Among them is 41-year-old Yusuf, who has cancer. His daughter is physically-challenged. Then there is 38-year-old Muafika, who remembers taking her daughter, then two, to a government hospital after she complained of vomiting and fever. That was 18 years ago. Initially, the medicine seemed to work, but within a month the child lost her ability to walk. Stories such as these abound in these villages.
The district, according to Kerala government’s official estimates, has 4,273 endosulfan victims of which 525 are bed-ridden.
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It was in 1976 when the planes carrying endosulfan were first spotted over the vast cashew fields of Kasargod. Swooping down on the fields, they sprayed the pesticide over 5,000 acres of rich cashew cultivation across 22 villages. The village children were thrilled. It wasn’t everyday that such flying machines came to their part of the world. They ran after them, waving and laughing.
From then on, the government-owned Plantation Corporation of Kerala would send the planes thrice a year to aerially spray endosulfan over the area. The villagers didn’t realise then that along with the excitement they brought, the planes also carried death and diseases.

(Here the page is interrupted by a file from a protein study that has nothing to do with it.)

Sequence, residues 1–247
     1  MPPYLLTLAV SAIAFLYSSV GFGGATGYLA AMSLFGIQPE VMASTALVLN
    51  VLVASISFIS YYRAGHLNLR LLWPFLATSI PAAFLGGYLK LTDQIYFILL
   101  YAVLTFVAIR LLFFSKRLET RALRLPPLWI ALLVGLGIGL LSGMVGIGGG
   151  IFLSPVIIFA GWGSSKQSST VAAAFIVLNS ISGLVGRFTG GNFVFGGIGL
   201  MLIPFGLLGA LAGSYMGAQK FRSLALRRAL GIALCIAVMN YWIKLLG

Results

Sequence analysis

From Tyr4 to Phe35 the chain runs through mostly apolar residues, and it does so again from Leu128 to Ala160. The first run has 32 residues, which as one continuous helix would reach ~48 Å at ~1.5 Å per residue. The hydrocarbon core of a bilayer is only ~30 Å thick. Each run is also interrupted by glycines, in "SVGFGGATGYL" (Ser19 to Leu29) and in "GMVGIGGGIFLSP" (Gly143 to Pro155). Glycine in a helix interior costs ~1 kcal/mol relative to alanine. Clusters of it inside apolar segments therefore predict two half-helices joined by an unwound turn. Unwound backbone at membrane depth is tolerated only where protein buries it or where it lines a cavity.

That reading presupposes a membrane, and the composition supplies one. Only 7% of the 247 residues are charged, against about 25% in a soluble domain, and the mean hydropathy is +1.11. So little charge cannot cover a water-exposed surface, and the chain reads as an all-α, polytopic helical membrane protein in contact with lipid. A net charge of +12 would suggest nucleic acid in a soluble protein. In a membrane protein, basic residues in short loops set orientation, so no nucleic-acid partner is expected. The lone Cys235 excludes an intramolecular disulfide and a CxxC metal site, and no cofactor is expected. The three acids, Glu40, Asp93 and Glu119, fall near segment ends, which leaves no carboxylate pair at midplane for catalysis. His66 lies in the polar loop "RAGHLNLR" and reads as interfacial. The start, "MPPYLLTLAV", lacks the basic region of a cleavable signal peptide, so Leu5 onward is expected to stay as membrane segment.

A doctor-cum-pharmacist, Kumar was among the first to bring the issue to light. Along with him was his farmer-cum-journalist friend, Shree Padre, whose article in 1979 -- titled ‘Life cheaper than cashew’ -- sowed the seeds for a public outcry.
The rules listed in the collector’s orders say that people should not be allowed inside the plantation for 15 days after endosulfan has been sprayed, explains Kumar. The pesticide is not to be sprayed from 10 am to 5 pm or from a height of more than 10 feet. Wind velocity has to be taken into account and all the water bodies have to be covered -- in impossibility in the villages where ponds were the key source of water, says Kumar.